This morning I stopped at a convenient store with my two children and got a cup of coffee and a snack. There were three homeless people standing outside, one of whom had apparently just enough change to purchase a donut and was allowed to stand inside the store long enough to eat it, and I could tell he was eating it slowly to buy himself some time for warmth.
I'll be honest and tell you I used to have mixed emotions about the homeless. I think many of us do, but don't tell others. There's the wondering - does this person have a substance abuse problem, or did they do something to "cause" their homelessness? Are they lazy, and didn't try hard enough to get work before they were in the predicament? It's easy for us to say that to ourselves. Until now, aside from a few quarters in a hat here and there - I'd never considered helping anyone out other than what the church would ask for while I was there. I would say to myself, "oh, they'll probably spend it on booze and cigarettes anyway".
As I've gotten older I've learned to not pass judgment. Lately, I've been feeling much differently. When I see someone that appears to be homeless, I have an internal struggle about whether or not I should do something. I realize that there are a number of factors that would cause one to lose the roof over their head, and it probably wasn't one isolated issue. Many are mentally ill. Some may have been abused. And others, well - could have been someone just like me or my husband, someone that worked hard all his life, but then something happened. Maybe he lost his job or something, and just couldn't make it.
Particularly in this time in our economy, my family has felt the stress of financial burden. Perhaps this is why I felt compelled to do something spontaneous. Having children changes us, too. We become less self-centered. More empathetic. Maybe, on some subconscious level - I may have thought "what if that ever happened to me". What a horror it would be, with small children.
I sat in the car with my children and coffee in my nice warm SUV and watched the eldest of them, the one that had been standing inside with the donut. I'm not sure why I singled him out - except that intuitively I felt he looked the most sincere. He was older, too, and had a kind face. I guess I rationalized that the younger two might have more fight left in them and could still work given the opportunity so they'd be okay.
After a few minutes, I decided that it was time for me to quit thinking about it and just do something. All I had left on me was a $20 bill, because I don't carry much cash (as most of us don't). But I thought, If I don't do this now - I won't do it. I said to the kids, "Mama will be right back" and got out of the car (he was just a few feet in front of us). The strangest emotions overcame me. It was a mixture of fear, anxiety, sadness, guilt, and peace. He was only a few feet from my car, but I was worrying, what will I say to him? What if he wasn't homeless? Was I making an assumption based on his clothing that was incorrect? How embarrassing that could be. But I mustered up courage, and this is what came out:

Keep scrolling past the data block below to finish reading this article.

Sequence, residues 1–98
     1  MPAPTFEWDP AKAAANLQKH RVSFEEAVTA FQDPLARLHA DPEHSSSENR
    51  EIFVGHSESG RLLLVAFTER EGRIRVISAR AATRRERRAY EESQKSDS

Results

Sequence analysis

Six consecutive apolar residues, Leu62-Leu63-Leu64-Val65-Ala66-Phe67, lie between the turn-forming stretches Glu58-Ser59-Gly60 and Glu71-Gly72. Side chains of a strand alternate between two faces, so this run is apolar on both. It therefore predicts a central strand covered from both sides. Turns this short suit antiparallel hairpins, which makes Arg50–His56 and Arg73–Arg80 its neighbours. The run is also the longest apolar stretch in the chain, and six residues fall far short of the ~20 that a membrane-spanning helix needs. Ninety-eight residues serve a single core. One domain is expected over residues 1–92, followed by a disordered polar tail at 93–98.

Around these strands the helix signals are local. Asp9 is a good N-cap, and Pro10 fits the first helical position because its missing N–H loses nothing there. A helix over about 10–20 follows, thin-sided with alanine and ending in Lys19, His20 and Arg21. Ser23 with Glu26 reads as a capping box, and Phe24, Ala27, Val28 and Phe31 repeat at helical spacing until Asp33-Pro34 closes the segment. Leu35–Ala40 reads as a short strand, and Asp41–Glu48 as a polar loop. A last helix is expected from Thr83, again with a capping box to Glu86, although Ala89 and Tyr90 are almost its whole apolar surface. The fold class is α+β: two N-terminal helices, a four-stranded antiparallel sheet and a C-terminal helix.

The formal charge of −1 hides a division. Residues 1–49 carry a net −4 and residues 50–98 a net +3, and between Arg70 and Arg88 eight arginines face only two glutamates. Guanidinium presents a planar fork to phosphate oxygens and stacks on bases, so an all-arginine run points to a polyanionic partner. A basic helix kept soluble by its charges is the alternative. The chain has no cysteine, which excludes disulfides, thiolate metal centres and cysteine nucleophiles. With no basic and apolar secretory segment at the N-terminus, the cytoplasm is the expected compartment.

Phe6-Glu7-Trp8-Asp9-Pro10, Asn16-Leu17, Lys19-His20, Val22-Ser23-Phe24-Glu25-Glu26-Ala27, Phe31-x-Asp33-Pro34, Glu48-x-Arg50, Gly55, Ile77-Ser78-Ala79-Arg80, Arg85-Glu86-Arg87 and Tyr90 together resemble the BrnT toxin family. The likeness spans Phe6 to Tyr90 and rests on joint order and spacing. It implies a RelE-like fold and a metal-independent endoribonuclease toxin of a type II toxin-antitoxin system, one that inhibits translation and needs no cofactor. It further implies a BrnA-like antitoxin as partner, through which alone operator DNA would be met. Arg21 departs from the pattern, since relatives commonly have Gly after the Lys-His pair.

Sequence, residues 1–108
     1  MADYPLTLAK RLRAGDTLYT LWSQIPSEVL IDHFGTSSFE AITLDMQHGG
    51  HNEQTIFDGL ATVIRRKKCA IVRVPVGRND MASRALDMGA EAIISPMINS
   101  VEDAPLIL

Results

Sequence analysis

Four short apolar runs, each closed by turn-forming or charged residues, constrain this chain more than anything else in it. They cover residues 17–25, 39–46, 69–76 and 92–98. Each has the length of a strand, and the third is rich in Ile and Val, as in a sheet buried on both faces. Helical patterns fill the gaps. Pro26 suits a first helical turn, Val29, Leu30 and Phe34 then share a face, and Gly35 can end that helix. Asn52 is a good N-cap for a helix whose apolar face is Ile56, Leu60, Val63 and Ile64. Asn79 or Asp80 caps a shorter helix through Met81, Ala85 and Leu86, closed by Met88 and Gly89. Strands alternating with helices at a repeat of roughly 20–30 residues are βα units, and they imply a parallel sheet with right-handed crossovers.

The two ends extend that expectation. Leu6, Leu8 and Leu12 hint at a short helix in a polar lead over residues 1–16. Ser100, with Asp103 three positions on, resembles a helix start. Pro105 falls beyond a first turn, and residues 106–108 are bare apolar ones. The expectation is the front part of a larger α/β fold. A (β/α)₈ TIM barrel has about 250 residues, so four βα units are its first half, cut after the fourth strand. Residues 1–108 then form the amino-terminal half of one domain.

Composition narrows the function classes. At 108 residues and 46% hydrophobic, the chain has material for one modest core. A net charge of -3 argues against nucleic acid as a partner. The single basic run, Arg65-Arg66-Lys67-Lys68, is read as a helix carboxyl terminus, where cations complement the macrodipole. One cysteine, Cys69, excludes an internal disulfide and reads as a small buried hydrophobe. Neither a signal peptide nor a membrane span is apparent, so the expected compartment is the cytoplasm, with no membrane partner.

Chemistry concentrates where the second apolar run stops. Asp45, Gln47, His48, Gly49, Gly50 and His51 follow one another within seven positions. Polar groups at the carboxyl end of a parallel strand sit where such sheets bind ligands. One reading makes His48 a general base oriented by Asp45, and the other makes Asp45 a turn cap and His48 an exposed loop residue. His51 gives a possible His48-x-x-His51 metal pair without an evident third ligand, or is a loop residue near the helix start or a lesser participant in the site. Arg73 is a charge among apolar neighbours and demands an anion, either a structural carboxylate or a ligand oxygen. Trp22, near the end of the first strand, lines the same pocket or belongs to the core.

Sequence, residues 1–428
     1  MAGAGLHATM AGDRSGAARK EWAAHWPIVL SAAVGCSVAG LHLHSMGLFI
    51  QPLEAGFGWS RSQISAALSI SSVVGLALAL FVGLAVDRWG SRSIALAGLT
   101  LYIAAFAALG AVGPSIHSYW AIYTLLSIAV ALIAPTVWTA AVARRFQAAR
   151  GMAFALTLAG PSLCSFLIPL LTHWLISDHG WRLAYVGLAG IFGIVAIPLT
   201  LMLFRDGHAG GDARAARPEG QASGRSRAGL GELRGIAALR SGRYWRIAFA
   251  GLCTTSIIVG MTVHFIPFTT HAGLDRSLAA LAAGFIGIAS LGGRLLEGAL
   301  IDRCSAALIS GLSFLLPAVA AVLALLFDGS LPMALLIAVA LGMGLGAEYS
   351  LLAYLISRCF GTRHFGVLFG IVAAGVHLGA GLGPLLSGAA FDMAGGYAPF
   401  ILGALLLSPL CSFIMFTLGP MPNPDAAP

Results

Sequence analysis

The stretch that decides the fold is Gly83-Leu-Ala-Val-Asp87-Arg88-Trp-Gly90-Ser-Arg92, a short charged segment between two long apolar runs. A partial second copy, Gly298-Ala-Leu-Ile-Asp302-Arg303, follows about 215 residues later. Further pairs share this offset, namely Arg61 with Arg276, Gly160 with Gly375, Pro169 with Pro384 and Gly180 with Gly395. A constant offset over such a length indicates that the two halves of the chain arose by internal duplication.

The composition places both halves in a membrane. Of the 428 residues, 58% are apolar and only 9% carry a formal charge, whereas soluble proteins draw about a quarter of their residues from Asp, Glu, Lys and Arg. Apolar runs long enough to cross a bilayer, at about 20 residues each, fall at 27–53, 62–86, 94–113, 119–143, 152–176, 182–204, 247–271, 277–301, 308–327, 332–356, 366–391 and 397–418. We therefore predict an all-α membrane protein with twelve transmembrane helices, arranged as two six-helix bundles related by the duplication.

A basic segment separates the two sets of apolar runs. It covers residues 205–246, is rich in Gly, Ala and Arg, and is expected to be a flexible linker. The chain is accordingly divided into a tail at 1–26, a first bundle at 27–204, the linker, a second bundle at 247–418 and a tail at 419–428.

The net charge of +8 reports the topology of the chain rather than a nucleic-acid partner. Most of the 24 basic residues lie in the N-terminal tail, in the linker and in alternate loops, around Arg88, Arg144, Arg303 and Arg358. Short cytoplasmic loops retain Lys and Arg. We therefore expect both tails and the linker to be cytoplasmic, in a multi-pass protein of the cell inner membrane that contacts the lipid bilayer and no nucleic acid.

"Excuse me, sir. I don't want to insult you. Do you have any money for yourself"?
He replied, "No". I nervously handed him my meager $20. "I said, please take this and get something for yourself". That's all I could get out. He said quietly,"thank you", without looking at me. Feeling a little awkward, I hurried back into the car. As I buckled my seatbelt, he was putting the $20 in a small front-pocket mesh wallet he had, and he looked up at me - right in the eyes, with a small wave, and a really grateful look in his eye - and this time he said thank you in a much more meaningful manner. It occurred to me at that moment that he must have felt as awkward as I did - having to take a $20 bill from a younger woman who could have been his daughter so he could eat. Men are born with pride, so to have to swallow it daily must be awful.
As I pulled away, my eyes welled up with tears. I felt peaceful, and so sad at the same time, I guess because I wished it could have been more, and for the guilt of having more than he. I struggled to compose myself so I could explain to my 3-1/2 year old what had just taken place. It seemed important for me to tell my children that not everyone has comfort like we do.
Three hours later as I type this I still am feeling melancholy. I certainly haven't done anything particularly special. Then again, maybe I did. Because if you are thinking to yourself "what difference will $5, $10 or $20 do in the big scheme of this man's life"? This is the answer: this man will have food for a week on that measly $20. And, if there is another person that comes along and does that in another few weeks - he will eat for another month. If 12 of us did it - he will exist for another year.. And then maybe, just maybe - something will come along and change for him - like a job, a person that can offer him more.
Most of all, with our measly few dollars - he has HOPE.
Moms, it have been one of our fathers. It could have been our husband. Our brother. Or worst ever - in thirty years - our child. That man had a mommy once too, I'm sure. So I implore you. If you are hesitating the next time - bite the bullet and just do it. Get past your self-consciousness and make that gesture, with whatever small thing you can do. Even if its $5. Its enough.